The Fakir of Oolu (he is known in private circles by a far less sounding and much more cockneyfied name than that) was the first to introduce this trick to the British public.
The performer is provided with an ordinary conjuring wand, blackened all over. He passes it through one hand, to show that it is not attached to any suspending medium, and then performs a series of feats with it, which apparently entirely upset the laws of gravitation. For instance, when placed horizontally against the under side of the outstretched hand, it does not, as one would expect, fall at once to the ground, but remains in the unnatural position. When placed perpendicularly against a finger or thumb, the result is the same; and it can be just as easily suspended from the tip of the finger by its extreme end. There are three methods in general use for producing these phenomena. One is to have the rod provided with several black pins, which stand out a little from the wand, and are then bent at right angles. The heads are taken off, and the exposed ends left rough. If two of these pins be placed about five inches apart, with the points of each turned towards the other, a hand placed flatly between them will be enabled to sustain the rod in any position by merely opening out the fingers, thereby causing a pressure on the two pins. This is the whole secret of the first method. The conjuror can arrange his pins according to fancy. I find five ample viz., two about two and a half inches apart at each end, and one small one at the actual tip. There is no necessity for more; and the space of two and a half inches admits of the introduction of two fingers, which possess quite sufficient power to sustain the rod. The advantage of using two fingers only is that, by employing the middle ones, those on the outside are left free to be moved about, as they should be, to assist in abolishing the idea of any connection existing. When the wand is drawn through one hand, the action must be quickly executed, and no notice given of the intention to perform it, otherwise the attention of the audience will be sufficiently attracted to the wand to cause it to be noticed that the hand does not actually touch it, although it appears to do so. A serious pantomime of mesmerising the wand by means of a few passes may be indulged in with advantage, according to the ability of the performer in this direction; but he must treat it seriously. If it is at all well done, one half of the audience will remain almost convinced that some influence has been exercised over the rod. The wand should then be taken in one hand, and struck smartly on the palm of the other, to show that it is solid, or it can be done previous to the mesmerism. This is very necessary, as a universal idea exists, amongst those who do not know the trick, that the wand is made of pith, and that the performer has some "sticky stuff" on his fingers. It should next be held horizontally at the end by one hand, and the other passed slowly along it once or twice, the motion becoming slower and slower until it ceases altogether. The fingers will then be between two pins, and, on the rod being released by the other hand, it will apparently cling to the under surface of the one above it. To cause it to attach itself to a finger or thumb perpendicularly, it is only necessary to hang it by one pin on the outstretched member, and the prodigy is accomplished. The pin at the tip is for the purpose of suspending the rod from the end of a finger. This is accomplished by pushing the pin under the nail. No trick could be simpler; therefore the performer must do all he can to make the audience believe in its extreme difficulty. Once or twice, at least, the mesmeric power should fail, and fresh passes resorted to in order to restore it. An effective action to introduce is that of placing both hands above the wand whilst it is in a horizontal position, and then appearing to move them backwards and forwards along it. This is accomplished by fixing the fingers of one hand only in the pins. The hands are then parted, and joined twice with considerably rapidity. The disengaged hand must not alone be moved, but the other as well, otherwise it will be seen that the wand is affixed to one hand, and the other merely moved along it. The care taken by the conjuror will make this trick the more or less successful.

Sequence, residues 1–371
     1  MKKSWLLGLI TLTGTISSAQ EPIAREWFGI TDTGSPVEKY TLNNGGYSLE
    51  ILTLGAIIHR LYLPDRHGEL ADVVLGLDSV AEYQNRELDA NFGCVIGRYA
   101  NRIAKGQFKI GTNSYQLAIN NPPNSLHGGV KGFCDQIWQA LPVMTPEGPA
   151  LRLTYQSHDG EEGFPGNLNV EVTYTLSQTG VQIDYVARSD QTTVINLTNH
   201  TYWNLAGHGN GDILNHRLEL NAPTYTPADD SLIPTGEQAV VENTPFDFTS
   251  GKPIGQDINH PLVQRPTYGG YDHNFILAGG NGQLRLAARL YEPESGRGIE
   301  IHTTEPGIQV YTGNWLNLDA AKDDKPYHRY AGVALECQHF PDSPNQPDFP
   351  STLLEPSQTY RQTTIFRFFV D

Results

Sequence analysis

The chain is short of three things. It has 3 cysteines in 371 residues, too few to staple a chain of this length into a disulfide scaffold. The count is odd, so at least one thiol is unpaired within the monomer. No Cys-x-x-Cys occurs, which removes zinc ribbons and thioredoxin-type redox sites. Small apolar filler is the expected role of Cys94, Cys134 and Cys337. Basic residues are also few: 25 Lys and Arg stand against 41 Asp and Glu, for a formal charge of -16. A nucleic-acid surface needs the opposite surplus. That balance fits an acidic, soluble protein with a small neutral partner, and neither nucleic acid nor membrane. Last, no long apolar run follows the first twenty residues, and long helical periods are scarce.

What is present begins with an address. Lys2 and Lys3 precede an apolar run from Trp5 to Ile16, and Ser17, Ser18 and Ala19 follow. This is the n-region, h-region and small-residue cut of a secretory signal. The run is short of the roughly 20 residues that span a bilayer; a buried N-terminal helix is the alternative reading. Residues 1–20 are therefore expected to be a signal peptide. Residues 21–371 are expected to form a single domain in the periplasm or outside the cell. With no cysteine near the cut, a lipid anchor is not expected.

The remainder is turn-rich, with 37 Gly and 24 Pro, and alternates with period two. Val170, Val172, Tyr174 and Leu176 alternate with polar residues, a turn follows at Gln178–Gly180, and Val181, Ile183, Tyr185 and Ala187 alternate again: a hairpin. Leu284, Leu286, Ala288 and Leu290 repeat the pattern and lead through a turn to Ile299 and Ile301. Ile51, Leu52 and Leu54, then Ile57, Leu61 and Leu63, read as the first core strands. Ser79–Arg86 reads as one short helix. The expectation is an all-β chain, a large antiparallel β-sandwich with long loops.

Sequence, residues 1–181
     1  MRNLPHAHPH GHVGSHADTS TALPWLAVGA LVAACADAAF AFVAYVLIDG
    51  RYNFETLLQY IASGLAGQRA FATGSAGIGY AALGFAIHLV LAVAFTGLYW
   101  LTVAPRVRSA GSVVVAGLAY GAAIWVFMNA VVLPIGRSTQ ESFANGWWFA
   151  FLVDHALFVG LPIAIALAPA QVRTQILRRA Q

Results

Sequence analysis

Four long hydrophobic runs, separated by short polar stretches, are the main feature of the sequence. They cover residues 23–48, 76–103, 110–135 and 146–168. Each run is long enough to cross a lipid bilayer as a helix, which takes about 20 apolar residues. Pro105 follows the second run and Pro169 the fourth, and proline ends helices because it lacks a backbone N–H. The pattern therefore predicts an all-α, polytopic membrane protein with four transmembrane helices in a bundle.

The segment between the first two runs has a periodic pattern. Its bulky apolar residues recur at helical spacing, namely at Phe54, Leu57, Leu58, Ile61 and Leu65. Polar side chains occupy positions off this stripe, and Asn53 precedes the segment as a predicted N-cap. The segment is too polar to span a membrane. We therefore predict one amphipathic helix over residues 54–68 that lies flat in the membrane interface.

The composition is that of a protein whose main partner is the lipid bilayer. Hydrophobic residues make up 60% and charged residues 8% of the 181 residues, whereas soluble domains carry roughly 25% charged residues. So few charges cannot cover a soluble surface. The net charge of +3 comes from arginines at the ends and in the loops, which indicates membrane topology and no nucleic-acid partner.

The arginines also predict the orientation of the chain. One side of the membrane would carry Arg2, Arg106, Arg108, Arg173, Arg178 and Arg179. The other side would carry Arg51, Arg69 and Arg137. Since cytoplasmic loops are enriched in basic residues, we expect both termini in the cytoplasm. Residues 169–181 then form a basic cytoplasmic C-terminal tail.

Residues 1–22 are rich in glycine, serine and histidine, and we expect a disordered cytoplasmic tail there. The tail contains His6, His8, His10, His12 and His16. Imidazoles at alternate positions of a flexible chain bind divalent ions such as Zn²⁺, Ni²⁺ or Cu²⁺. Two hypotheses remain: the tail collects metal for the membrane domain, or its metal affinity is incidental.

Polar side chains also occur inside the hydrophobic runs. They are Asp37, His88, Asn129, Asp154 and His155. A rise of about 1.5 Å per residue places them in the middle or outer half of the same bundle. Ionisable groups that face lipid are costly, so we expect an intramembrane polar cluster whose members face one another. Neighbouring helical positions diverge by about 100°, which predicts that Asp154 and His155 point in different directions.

The second method is to have a ring upon the finger provided with a clamp, which receives the wand in its embrace. The only thing to be said in favour of this device is that it enables the wand to be shown round. In all else it is vastly inferior to the bent pin arrangement. The number of positions in which it is possible to suspend the rod are exceedingly limited, and the probability of the ring being accidentally exposed is by no means remote.
As it is decidedly advantageous to give the rod round for examination, it is always well for the performer to devise a method for handing round one rod, free from any preparation whatever, and then exchanging it for a prepared one. This is, perhaps, best managed by concealing the prepared one up the coat sleeve. The one that is shown round is dropped into the tail pocket, which can be specially arranged for such a use without much difficulty. The change behind the table is weak, and a large majority of the audience invariably see through it, in which case all the performer's subsequent actions with the article are looked upon as farcical. When a dummy article is to be exchanged for a prepared one, the change must be perfect, or left alone altogether. If the performer have any doubt about it, let him rather dispense with the examination and consequent exchange, for then the audience can only suspect; but, if any covert action is detected, then the suspicion resolves itself into a tolerable certainty.